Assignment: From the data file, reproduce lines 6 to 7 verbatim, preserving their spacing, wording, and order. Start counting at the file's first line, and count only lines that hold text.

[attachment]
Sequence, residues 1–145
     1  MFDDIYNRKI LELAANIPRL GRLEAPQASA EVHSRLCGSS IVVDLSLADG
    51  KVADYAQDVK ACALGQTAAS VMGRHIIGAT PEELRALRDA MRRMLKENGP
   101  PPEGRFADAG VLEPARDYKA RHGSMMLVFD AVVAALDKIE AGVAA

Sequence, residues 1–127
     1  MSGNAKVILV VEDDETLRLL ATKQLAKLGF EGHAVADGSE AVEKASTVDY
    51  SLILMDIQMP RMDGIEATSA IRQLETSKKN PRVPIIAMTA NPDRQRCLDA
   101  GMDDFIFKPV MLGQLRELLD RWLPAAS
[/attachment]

     1  MSGNAKVILV VEDDETLRLL ATKQLAKLGF EGHAVADGSE AVEKASTVDY
    51  SLILMDIQMP RMDGIEATSA IRQLETSKKN PRVPIIAMTA NPDRQRCLDA